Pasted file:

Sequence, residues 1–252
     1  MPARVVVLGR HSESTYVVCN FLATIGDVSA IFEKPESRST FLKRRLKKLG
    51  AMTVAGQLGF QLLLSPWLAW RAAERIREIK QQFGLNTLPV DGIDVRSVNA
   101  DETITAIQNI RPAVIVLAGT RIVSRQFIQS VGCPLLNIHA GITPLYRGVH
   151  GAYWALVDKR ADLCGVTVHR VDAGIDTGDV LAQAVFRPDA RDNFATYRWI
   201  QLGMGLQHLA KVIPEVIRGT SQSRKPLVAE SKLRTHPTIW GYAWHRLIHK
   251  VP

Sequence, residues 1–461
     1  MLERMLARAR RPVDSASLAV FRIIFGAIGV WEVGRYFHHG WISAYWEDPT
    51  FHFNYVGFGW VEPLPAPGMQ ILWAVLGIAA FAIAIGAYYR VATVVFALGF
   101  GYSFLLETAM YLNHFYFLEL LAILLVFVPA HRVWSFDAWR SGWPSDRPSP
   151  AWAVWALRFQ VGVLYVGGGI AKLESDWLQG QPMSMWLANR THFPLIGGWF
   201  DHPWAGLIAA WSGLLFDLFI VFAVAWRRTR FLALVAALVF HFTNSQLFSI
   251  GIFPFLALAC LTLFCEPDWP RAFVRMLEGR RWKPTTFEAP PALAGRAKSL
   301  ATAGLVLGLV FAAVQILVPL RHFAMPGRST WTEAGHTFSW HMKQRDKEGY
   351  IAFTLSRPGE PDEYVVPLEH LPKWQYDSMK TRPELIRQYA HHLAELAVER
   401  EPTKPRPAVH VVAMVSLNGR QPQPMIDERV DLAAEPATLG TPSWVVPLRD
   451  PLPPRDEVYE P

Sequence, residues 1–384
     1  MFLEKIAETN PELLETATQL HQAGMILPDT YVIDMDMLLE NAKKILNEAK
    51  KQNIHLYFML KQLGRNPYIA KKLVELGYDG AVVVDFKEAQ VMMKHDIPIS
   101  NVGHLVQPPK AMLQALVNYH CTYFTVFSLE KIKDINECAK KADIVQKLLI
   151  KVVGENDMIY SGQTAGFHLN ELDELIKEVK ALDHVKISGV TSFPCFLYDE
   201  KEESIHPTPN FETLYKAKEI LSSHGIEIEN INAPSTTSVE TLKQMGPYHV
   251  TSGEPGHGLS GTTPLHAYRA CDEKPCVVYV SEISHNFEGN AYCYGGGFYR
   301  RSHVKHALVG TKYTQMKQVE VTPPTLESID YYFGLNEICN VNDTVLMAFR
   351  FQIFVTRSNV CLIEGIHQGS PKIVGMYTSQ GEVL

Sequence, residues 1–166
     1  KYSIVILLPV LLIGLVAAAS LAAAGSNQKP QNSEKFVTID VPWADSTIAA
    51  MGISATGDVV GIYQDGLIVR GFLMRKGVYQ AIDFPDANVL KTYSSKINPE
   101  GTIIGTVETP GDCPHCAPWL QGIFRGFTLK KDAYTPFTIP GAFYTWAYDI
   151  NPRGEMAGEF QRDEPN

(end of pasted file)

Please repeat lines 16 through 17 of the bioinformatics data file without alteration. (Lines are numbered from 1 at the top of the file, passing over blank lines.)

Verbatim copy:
   351  IAFTLSRPGE PDEYVVPLEH LPKWQYDSMK TRPELIRQYA HHLAELAVER
   401  EPTKPRPAVH VVAMVSLNGR QPQPMIDERV DLAAEPATLG TPSWVVPLRD